I was just today at the clinic (all is well) in Seoul at Severance Hospital and, arriving a bit early for my appointment, I sat in the main hall and watched people come and go for awhile, all hectic with purpose with charts and lab coats and IV trolleys. There was some structure there in their movement, but I wasn’t able to see it. So I closed my eyes and just listened. I relaxed and breathed deeply and then listened and more structure revealed itself to me. My mind floated a bit through this noise and I heard the surface structure of phone chatter, squeaky linoleum and hospital shoes, and an elevator ding. It took a minute or two to dig past this. Then, I stumbled across the white noise, that din lingering beneath all sound. 

din (dn) n. A jumble of loud, usually discordant sounds. 

I find myself wanting to reclaim the word din as something else entirely. Not as discordant, loud, nor even a jumble of sound, but rather a pattern. A sequence that lurches away from chaos and random towards purpose, even if spontaneous. A network of sound. All of these sound agents, these squeaky shoes, elevators, IV trolleys, and phone conversations, are pursuing their own purpose as much they should. But they interact in structural patterns that a whimsical wisp away from melody. An ambient melody of our buildings and cities and purpose-built places. These purpose-built places (these schools, supermarkets, subways, hospitals, and homes) have an audible register and they speak, they breathe in sound. So, naturally I recorded it with my eyes closed. 


It takes a bit of time to hear anything, except that ambient whoosh lingering beneath every surface register. A crackly whoosh of air meandering through the building like a persistent whisper. Sound is electric. 

Being who I am, I try to relate everything to learning and it wouldn’t be hard to make that stretch with this experience. By simply negating one sense (sight) was I able to isolate another (ambient sound). By removing the content from the context (recording the audio and posting it here), I allow you to imagine what a hospital means in this context. How laden it is with culture (Koreans hospitals are rarely quiet places), how naturally reflective these places are (with your body revolting on you), how encouraging or bewildering that can be in context. 

So, listen for the din. Find that repetitive structure, that language. Let it speak in whispers and whooshes and let all of that infuse your imagination. Now compare that to one of my favorite work tracks (tracks I categorize as ideal for working with endless writing, music elastic enough to allow for meandering yet taught when it needs to be for mental structure and focus). The name of the track is “Handwritten Map to Sea” by Yuichiro Fujimoto, an artist determined to toy with ambience in ways that make sense to me. I love that the structure for this peace is that din I was referring to earlier.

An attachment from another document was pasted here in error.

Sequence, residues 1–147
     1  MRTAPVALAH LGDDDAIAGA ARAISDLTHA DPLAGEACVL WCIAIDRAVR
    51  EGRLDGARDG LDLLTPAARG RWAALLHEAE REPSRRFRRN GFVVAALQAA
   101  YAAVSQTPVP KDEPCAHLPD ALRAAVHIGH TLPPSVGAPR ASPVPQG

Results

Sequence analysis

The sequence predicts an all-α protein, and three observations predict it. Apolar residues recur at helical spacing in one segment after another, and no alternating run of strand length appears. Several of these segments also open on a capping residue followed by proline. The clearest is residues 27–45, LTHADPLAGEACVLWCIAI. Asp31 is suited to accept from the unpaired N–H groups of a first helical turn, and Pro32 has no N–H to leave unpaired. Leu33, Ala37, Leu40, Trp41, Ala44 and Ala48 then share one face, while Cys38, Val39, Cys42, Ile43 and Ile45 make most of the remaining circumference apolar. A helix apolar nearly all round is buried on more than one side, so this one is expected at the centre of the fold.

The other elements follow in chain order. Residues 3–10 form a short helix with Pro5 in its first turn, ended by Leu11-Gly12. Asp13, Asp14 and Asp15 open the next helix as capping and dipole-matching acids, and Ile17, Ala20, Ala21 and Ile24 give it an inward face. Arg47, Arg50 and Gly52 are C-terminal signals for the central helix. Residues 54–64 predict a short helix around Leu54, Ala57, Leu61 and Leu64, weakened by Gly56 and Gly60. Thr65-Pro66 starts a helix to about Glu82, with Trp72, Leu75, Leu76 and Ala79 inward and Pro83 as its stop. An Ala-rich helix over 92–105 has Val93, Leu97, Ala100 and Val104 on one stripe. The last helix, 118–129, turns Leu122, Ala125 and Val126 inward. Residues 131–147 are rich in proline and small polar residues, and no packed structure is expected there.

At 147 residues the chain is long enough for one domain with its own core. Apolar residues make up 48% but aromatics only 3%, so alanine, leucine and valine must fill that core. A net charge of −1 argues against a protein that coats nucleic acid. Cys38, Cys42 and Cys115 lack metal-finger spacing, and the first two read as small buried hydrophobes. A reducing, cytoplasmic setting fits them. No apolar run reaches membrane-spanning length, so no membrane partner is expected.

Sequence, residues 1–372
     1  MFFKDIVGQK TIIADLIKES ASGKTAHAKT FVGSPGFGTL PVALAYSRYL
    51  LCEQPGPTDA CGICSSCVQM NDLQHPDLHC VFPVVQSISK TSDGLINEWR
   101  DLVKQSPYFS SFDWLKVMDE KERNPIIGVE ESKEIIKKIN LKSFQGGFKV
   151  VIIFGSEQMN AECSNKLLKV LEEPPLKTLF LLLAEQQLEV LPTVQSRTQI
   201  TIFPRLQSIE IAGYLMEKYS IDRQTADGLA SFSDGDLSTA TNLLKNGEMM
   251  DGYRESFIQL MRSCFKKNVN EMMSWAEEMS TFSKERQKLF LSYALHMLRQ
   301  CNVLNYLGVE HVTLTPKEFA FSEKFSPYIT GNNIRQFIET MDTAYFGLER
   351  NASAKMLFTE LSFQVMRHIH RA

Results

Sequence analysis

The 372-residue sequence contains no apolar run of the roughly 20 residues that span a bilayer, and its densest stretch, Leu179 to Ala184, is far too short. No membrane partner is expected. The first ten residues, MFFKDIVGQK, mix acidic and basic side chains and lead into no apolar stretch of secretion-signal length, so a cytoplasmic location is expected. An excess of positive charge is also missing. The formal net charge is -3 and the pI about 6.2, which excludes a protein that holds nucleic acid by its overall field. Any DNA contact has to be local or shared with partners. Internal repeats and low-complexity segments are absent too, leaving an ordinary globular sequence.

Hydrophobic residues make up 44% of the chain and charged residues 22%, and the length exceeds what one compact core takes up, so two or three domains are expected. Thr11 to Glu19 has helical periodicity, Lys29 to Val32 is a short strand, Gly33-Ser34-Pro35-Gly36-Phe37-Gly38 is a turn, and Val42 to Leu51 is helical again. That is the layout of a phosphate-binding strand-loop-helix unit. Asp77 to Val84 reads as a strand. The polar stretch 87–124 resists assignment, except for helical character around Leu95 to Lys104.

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By Michael Gallagher

My name is Michael Sean Gallagher. I am a Lecturer in Digital Education at the Centre for Research in Digital Education at the University of Edinburgh. I am Co-Founder and Director of Panoply Digital, a consultancy dedicated to ICT and mobile for development (M4D); we have worked with USAID, GSMA, UN Habitat, Cambridge University and more on education and development projects. I was a researcher on the Near Futures Teaching project, a project that explores how teaching at The University of Edinburgh unfold over the coming decades, as technology, social trends, patterns of mobility, new methods and new media continue to shift what it means to be at university. Previously, I was the Research Associate on the NERC, ESRC, and AHRC Global Challenges Research Fund sponsored GCRF Research for Emergency Aftershock Forecasting (REAR) project. I was an Assistant Professor at Hankuk University of Foreign Studies (한국외국어대학교) in Seoul, Korea. I have also completed a doctorate at University College London (formerly the independent Institute of Education, University of London) on mobile learning in the humanities in Korea.

2 thoughts on “Seoul Hospital Noises and the orienting din of ambience”
  1. I love that recording, that sound of the shovel (?) hitting the gravel with the wind whipping through. Very evocative for the imagination. I would love to hear more from Ireland, if you do plan on pushing on with these. I am starting to realize that with elearning/e-culture, ambient sound (as opposed to music or lecture or something staged) is a missing ingredient in contextualizing online presence. I feel like I know something sometimes merely through the sounds of the street, so to speak. I think there is lots of learning and pedagogic potential with this type of audio and I would love to explore this more (especially from Ireland!). Many thanks for the comment and keep the recordings coming!

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